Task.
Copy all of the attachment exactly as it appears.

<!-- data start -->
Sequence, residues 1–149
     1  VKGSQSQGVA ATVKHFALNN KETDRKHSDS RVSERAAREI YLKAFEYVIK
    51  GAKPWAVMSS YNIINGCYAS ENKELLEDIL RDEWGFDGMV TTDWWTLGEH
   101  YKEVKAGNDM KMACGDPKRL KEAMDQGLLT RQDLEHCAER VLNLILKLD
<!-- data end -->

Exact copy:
Sequence, residues 1–149
     1  VKGSQSQGVA ATVKHFALNN KETDRKHSDS RVSERAAREI YLKAFEYVIK
    51  GAKPWAVMSS YNIINGCYAS ENKELLEDIL RDEWGFDGMV TTDWWTLGEH
   101  YKEVKAGNDM KMACGDPKRL KEAMDQGLLT RQDLEHCAER VLNLILKLD